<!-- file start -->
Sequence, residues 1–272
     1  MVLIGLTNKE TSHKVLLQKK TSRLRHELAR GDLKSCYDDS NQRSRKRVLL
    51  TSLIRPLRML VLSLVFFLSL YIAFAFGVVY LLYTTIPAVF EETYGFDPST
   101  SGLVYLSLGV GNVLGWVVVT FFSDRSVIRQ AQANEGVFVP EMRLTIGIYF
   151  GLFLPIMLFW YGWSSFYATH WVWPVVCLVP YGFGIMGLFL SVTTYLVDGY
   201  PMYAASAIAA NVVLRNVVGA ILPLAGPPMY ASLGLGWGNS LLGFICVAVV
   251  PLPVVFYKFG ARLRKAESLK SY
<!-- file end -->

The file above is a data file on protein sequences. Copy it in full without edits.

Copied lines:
Sequence, residues 1–272
     1  MVLIGLTNKE TSHKVLLQKK TSRLRHELAR GDLKSCYDDS NQRSRKRVLL
    51  TSLIRPLRML VLSLVFFLSL YIAFAFGVVY LLYTTIPAVF EETYGFDPST
   101  SGLVYLSLGV GNVLGWVVVT FFSDRSVIRQ AQANEGVFVP EMRLTIGIYF
   151  GLFLPIMLFW YGWSSFYATH WVWPVVCLVP YGFGIMGLFL SVTTYLVDGY
   201  PMYAASAIAA NVVLRNVVGA ILPLAGPPMY ASLGLGWGNS LLGFICVAVV
   251  PLPVVFYKFG ARLRKAESLK SY